One week after the Federal Reserve released the initial results of its bank stress tests -- revealing how 18 of the country's biggest bank holding companies held up under a simulated, severe economic downturn. The nation's central bank has released the final results, detailing which bank's proposed capital plans would be approved, and which would not.
For JPMorgan Chase (NYSE:JPM) shareholders, the news isn't ideal, but it could have been a lot worse.
Back to the drawing board
"The Federal Reserve did not object to the capital plans for [...] JPMorgan Chase [...] but required [it] to submit new capital plans by the end of the third quarter to address weaknesses in [its] capital planning processes." So said the Fed in its official report released today.
Essentially, the central bank is sending JPMorgan back to the drawing board, but only in part. The bank's capital plan will stand, albeit after some reworking. To that end, CEO Jamie Dimon had this to say: "JPMorgan Chase is fully committed to meeting all of the Fed's requirements." So what are JPMorgan's capital actions going to look like?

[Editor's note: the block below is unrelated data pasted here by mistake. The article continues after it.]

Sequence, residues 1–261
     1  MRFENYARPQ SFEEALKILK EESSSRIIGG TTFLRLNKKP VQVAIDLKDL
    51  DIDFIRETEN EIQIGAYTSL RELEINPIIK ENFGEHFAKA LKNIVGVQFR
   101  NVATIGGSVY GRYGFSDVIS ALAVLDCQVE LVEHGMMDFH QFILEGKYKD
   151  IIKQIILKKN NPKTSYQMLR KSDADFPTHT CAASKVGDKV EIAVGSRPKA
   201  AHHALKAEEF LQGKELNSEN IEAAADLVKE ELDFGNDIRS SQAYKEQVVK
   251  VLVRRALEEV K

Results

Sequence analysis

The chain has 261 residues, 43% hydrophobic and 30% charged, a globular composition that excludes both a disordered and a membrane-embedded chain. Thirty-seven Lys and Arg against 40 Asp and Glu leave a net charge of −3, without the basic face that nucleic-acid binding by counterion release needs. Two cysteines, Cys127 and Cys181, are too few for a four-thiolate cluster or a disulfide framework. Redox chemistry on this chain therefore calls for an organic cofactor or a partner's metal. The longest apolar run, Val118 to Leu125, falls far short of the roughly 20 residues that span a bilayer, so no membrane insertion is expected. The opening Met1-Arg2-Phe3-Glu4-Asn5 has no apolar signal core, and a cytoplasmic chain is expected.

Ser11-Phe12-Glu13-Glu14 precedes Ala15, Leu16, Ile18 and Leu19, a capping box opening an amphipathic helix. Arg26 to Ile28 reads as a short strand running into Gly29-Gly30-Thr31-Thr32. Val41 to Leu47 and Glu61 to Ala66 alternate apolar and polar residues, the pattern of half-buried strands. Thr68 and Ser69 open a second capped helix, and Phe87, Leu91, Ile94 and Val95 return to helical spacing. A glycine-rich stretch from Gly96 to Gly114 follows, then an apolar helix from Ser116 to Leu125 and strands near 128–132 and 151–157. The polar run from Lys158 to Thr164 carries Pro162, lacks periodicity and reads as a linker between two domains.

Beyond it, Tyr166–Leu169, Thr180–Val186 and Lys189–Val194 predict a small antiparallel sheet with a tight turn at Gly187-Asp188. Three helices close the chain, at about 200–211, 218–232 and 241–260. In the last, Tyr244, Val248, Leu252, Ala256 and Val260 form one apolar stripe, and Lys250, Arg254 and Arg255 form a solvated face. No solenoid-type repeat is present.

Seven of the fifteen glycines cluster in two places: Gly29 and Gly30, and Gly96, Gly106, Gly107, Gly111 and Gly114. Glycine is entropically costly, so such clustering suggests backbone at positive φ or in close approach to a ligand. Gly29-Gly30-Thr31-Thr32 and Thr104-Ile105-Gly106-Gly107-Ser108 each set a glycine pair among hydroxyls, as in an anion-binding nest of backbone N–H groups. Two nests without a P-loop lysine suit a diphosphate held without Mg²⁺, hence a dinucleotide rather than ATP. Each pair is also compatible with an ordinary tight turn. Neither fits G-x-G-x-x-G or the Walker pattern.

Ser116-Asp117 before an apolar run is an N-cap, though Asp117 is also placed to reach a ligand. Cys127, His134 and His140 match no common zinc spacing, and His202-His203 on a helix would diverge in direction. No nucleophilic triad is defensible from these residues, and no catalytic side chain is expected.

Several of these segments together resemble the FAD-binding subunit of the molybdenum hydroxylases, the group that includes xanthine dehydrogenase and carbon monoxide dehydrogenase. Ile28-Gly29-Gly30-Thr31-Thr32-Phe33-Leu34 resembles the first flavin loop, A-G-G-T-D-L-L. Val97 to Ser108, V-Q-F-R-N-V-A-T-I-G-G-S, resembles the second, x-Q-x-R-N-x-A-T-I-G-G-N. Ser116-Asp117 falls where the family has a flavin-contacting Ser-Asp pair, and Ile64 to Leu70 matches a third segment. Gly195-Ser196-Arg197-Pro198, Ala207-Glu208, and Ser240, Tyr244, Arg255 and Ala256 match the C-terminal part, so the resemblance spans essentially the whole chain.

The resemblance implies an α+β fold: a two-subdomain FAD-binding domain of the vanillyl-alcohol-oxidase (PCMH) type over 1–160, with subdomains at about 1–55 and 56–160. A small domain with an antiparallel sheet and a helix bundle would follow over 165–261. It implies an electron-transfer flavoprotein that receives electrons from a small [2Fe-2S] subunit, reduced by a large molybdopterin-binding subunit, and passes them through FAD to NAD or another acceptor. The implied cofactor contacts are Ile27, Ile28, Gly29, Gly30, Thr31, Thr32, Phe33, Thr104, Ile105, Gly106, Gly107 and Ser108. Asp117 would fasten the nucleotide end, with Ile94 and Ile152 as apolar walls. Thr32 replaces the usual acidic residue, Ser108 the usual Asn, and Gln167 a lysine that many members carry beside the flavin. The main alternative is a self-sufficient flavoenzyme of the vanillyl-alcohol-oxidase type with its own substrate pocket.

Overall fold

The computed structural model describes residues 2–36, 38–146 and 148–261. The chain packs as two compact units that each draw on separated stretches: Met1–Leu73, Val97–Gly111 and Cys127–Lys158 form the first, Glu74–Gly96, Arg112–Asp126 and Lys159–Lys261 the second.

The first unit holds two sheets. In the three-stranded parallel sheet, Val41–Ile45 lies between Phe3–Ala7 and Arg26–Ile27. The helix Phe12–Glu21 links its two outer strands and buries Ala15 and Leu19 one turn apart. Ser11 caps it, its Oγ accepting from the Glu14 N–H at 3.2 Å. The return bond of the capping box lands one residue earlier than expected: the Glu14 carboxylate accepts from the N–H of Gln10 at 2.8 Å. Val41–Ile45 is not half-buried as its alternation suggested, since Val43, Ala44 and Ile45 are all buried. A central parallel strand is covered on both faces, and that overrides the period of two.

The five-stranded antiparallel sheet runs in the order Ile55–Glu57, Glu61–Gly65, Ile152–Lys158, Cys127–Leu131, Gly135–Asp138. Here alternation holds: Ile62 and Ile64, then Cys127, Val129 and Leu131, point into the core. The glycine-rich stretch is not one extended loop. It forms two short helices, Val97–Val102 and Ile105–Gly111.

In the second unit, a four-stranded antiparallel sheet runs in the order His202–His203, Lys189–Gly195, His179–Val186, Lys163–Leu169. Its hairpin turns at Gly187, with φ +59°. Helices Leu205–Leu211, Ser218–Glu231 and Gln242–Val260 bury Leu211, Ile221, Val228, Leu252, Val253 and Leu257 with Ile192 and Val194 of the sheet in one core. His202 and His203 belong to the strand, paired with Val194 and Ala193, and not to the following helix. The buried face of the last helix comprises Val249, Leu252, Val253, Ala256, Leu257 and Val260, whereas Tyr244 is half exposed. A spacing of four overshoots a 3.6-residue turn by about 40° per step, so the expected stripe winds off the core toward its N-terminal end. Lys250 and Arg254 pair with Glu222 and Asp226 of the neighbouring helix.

JPMorgan will most likely be raising its dividend and buying back shares
As you can see from the chart above, JPMorgan is planning to raise its quarterly dividend from $0.30 per share to $0.38 per share, for an increase of 26.6%.
And as you can see on the second graphic, JPMorgan is planning to repurchase $6 billion in common equity through the first quarter of 2014.
Foolish bottom line
The good news here is, JPMorgan's proposed capital action plan is able to move ahead, despite the Fed's reservations regarding the planning process. The bad news is, there's the possibility that the Fed could order JPMorgan to modify its capital action plan if the central bank doesn't like the plan rework the superbank is due to come back with.
But chances are -- being the seasoned, smart bunch of cookies JPMorgan's top managers are -- the bank will calmly and coolly adjust whatever it is the Fed wants adjusted, and will resubmit a capital-return plan and attendant process that will please not only the Fed, but investors as well.
The Comprehensive Capital Analysis and Review isn't perfect -- no testing process is -- but it's nonetheless an important part of keeping our banking system healthy. I'm a JPMorgan investor, and while this isn't the best news I could have possibly heard today -- as its leaving me a bit on edge regarding the proposed dividend increase and share buybacks -- it's probably the right news.